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Monday 23rd October 2017

This is a long one.
We have had a bit of a traumatic time with the Alpacas lately, resulting in us losing our wonderful Daphne to heart disease ....

One Saturday evening, having been fine all day, Daphne started heavy breathing with flared nostrils. Concerned, I sent a video to Emma (my Alpaca Guru) who thought that she may have been stressed by something, so the opinion was to leave her quiet and warm overnight and see what the morning would bring. Sure enough in the morning Daphne was up and about, fighting for the food, hay and attention as normal. Phew - I was relieved she was ok. But not so. Later that afternoon she started to breathe with difficulty, making a 'catching' sound in her throat. So I called the vet and described her symptoms - he thought she may have a chest infection so came to visit her with all intentions of giving her antibiotics and something to ease her symptoms.

As soon as he listened to her chest he said that things had just got complicated. What he could hear as well as lungs full of fluid, was a very large heart murmur which he had never heard the likes of in any large animal before. Things were not looking good, but we decided on some treatment to see if it would lessen the fluid and enable him to hear the heart more clearly. So poor Daphne had painkillers, steroids, antibiotics and diuretics with the plan for the vet to visit in 48 hours to evaluate her again. I stayed with her for a couple of hours, and she settled into the straw bed so I left her to sleep.
In the morning, she was up and about, desperate to get out of the stable and wolfed down her breakfast and ate hay. I really thought that the drugs had helped and she had turned a corner. So all day I checked on her every hour. At three pm I went to the farm and she was in the field eating grass. I didn't go over to her as she looked just fine so left her there munching away.

Sadly, later at 4pm when I went to see her. she was in the yard and her breathing was worse than it had been the night before. So I called the vet again to come and see her. This time I got a lovely vet called Emily, who knew a fair bit about camelids having done an extra module in her training with Claire Whitehead (who is an expert in camelid care). By now Daphne was lying down in the stable struggling to breathe with her head almost lying on the floor, quite obviously in trouble. Emily listened to Daphnes chest and actually gasped at what she heard - in her words 'a stonking great heart murmur'. Either this had always been there and something had made it worse, or she had had something like an infection happen that had settled on her heart valves, causing her heart to not be able to pump properly.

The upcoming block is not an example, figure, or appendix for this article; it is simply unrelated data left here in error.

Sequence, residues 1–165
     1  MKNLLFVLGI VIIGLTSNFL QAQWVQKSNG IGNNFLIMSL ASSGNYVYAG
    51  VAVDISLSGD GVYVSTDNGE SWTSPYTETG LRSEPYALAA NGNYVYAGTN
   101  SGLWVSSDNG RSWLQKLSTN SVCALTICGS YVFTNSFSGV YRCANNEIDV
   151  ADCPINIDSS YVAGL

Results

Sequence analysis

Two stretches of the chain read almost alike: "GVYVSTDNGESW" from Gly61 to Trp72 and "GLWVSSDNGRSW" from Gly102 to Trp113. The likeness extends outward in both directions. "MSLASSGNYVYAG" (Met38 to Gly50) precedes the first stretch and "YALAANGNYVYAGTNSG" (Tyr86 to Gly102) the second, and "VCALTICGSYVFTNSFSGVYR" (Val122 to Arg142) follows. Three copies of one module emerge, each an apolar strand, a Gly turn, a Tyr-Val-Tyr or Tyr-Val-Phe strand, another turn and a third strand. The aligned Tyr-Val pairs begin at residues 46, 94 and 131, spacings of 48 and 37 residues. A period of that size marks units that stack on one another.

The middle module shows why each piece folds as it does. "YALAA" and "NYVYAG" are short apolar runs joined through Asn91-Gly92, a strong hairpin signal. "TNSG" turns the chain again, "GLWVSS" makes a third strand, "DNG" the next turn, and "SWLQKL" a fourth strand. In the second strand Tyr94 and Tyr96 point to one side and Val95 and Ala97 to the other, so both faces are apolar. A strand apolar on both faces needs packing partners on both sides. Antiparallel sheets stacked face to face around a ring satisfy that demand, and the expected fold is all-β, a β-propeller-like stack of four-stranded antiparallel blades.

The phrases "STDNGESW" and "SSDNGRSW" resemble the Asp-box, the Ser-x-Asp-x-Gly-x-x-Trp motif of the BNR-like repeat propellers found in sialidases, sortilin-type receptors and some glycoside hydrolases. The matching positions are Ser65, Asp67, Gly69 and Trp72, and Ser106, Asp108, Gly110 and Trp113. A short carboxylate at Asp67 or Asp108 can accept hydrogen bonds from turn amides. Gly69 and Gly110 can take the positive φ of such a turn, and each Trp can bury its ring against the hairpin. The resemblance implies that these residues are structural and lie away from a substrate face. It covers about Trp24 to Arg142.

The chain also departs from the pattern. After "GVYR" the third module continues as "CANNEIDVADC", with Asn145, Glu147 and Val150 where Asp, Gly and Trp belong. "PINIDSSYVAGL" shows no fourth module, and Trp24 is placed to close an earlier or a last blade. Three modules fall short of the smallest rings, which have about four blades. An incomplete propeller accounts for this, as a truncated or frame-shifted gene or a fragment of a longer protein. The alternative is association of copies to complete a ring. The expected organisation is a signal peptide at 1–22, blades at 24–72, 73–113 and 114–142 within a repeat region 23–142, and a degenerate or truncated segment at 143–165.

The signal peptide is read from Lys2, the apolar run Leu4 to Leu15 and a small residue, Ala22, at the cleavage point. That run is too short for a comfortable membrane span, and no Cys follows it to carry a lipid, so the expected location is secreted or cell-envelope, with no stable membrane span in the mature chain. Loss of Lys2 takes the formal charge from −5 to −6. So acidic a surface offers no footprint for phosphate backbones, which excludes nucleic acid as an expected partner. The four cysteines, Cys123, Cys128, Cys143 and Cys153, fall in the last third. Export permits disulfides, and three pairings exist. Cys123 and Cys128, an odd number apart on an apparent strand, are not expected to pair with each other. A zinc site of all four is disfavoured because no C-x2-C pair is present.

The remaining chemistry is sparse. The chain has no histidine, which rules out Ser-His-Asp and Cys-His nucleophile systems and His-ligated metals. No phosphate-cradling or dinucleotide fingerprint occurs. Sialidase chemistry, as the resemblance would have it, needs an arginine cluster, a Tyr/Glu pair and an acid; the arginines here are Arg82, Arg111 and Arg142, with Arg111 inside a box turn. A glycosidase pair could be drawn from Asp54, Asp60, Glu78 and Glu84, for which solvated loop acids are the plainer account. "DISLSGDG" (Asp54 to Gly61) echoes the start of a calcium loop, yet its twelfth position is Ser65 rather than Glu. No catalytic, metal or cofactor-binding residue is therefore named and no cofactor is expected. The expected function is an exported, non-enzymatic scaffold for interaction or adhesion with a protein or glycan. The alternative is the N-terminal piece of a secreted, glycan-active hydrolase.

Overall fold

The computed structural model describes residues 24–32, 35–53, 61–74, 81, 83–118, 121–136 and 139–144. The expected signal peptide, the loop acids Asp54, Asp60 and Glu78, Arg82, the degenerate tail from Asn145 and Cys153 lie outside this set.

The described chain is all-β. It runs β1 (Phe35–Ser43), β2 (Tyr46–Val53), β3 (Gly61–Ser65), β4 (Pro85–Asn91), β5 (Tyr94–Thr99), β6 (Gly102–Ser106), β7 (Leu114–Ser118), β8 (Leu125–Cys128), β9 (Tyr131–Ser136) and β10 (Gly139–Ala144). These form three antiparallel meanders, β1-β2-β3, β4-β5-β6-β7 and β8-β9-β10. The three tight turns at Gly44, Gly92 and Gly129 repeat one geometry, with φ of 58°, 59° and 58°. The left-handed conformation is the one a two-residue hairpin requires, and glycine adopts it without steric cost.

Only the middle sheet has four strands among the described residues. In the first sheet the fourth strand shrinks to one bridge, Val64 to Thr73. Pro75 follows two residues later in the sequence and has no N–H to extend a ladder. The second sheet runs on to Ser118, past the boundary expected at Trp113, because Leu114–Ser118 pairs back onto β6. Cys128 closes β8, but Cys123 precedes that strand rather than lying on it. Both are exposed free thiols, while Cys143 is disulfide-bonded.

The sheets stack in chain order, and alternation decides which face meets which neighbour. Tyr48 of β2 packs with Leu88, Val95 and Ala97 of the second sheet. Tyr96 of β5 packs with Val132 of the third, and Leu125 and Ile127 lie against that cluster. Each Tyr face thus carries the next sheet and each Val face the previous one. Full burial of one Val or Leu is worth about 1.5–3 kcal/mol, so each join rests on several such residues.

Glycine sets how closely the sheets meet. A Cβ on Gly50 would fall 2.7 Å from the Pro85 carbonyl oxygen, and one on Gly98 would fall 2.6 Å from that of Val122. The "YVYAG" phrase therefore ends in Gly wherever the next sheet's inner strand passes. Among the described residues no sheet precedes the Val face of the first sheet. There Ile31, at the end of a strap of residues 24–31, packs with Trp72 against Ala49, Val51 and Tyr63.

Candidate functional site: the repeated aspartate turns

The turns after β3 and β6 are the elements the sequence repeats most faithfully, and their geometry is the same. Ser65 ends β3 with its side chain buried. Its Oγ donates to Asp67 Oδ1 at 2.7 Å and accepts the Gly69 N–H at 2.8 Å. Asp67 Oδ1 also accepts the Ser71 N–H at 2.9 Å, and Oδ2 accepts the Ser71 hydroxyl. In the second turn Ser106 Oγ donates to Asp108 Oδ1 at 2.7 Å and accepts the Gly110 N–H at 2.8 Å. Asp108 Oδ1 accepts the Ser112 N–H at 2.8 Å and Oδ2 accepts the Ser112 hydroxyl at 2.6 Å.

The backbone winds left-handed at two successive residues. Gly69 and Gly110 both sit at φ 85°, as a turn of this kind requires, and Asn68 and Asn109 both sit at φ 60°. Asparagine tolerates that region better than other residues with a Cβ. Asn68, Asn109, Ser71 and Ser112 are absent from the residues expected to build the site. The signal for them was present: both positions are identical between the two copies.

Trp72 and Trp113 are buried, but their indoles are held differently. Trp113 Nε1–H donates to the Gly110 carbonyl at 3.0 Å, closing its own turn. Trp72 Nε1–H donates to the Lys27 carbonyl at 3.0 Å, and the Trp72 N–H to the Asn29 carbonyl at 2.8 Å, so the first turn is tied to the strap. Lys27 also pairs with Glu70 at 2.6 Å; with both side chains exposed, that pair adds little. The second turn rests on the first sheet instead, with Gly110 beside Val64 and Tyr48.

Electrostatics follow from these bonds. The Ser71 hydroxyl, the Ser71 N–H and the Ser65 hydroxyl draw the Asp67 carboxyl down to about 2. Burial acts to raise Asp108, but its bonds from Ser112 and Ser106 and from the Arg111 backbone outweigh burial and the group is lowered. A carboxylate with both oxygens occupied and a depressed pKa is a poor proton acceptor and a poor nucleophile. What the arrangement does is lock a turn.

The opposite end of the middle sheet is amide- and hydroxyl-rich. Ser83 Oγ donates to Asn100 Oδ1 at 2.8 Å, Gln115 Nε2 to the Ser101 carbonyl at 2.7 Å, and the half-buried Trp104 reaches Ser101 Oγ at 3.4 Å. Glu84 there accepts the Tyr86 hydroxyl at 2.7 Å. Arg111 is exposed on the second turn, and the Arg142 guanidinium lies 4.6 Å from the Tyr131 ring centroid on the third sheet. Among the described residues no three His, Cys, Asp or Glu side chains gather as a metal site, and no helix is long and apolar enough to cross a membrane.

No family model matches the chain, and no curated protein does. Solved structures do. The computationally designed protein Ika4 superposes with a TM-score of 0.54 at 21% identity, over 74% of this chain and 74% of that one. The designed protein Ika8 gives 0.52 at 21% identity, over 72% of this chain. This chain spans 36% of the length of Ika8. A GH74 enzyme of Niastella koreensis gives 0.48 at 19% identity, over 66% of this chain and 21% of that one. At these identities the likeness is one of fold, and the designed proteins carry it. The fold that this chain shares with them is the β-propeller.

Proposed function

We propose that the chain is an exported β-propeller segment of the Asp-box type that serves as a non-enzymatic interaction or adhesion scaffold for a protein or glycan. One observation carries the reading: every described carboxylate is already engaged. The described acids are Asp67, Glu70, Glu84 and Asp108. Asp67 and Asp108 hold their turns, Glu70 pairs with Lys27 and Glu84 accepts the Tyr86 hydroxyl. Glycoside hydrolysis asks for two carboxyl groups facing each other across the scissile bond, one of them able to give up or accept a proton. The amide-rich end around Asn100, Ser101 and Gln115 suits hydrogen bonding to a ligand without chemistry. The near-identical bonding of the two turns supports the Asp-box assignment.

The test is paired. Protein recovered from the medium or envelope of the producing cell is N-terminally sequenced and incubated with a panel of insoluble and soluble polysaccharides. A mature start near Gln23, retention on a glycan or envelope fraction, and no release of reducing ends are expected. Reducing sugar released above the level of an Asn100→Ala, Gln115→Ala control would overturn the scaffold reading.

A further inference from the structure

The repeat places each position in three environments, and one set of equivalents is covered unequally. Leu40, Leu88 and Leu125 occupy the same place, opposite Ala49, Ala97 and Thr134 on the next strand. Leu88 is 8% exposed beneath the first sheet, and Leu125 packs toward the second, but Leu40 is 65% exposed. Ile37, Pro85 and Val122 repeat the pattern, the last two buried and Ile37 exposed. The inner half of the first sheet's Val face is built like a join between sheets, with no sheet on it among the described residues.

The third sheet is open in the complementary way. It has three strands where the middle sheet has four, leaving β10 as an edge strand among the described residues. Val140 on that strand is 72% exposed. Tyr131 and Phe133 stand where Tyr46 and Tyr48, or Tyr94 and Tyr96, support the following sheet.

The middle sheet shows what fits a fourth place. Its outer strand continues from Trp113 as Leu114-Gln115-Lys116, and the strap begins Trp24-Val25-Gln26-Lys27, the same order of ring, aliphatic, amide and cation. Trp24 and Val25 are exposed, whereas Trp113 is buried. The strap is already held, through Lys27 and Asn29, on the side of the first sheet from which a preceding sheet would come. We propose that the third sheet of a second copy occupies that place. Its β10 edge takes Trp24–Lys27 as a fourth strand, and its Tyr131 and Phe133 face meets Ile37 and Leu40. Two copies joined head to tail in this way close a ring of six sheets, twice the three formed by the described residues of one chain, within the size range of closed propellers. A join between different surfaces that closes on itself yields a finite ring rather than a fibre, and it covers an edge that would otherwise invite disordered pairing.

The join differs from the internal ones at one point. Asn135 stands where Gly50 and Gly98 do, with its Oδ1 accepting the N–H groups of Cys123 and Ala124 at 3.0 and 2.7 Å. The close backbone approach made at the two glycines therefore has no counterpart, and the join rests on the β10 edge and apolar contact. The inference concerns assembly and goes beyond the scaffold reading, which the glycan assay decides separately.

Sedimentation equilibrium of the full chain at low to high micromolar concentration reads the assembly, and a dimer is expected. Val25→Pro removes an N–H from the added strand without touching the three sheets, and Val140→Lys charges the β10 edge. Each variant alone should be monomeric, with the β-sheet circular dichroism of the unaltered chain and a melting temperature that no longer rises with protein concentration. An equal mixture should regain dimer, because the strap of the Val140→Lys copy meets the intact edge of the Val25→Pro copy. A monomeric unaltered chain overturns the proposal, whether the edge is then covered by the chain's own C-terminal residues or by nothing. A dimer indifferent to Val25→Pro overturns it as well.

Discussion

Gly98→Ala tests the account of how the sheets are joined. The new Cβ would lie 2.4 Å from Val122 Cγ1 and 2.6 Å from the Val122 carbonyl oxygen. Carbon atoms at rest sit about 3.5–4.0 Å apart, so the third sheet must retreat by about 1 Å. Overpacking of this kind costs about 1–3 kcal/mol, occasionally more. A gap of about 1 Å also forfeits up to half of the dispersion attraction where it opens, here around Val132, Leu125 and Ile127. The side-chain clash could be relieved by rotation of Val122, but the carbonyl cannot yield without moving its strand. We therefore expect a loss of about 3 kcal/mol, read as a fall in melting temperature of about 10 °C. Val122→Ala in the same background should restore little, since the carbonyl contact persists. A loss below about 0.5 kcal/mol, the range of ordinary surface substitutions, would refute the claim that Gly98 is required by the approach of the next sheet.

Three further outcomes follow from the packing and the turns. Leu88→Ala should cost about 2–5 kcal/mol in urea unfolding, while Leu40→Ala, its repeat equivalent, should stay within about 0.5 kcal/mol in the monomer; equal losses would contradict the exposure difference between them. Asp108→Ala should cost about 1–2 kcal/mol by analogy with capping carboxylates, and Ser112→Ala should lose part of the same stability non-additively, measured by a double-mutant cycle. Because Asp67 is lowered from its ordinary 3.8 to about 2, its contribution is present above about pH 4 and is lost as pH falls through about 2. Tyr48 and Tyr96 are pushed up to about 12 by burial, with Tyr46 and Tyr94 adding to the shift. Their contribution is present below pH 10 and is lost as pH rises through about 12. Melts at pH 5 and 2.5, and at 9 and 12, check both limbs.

To say I was devastated is an understatement. I knew what this meant but I had to be the one to make the decision. There was nothing more we could do for this beautiful creature who was looking at right at me, her great big eyes almost imploring me to help her. I am a strong person emotionally, but I have to admit that it took me longer than it should have to make this decision - I have made it before with cats and guinea pigs, but never with an animal so big and never with an animal that I had such a close bond with. Daphne had been 'well' two days before all of this and I couldnt get my head round the fact that I would have to let her go. But, with Emilys and my husbands help I did it. Daphne was suffering so much and no treatment would have made her better, so in bits, I gave her the biggest hug she had ever had (even though she hated hugs!) and said goodbye. It was so hard to do. And I left her with Emily and the nurse to help her out of her pain.

I can tell you I didn't sleep that night, and cried for the next day I was so affected by the events of the past two days.

We miss her so much in the yard. She was always the first to come and say hello, would fight you for the food bucket, would let me rub her neck (sometimes) and was so beautiful in every way. I look for her in the field sometimes, missing her white colour next to the other two. Beau and Autumn spent a few days looking for her and seem to have settled now but are missing their third amigo, so now I am over the shock of it all, I am looking for a new amigo to join the gang. Life is very quiet with two Alpacas, and for their sake they need to be in a herd, even if its a herd of just three..

There's so many photos of her that I shall never forget her - my first Alpaca, my first Alpaca loss.

RIP Daphers, you were a true beaut xxx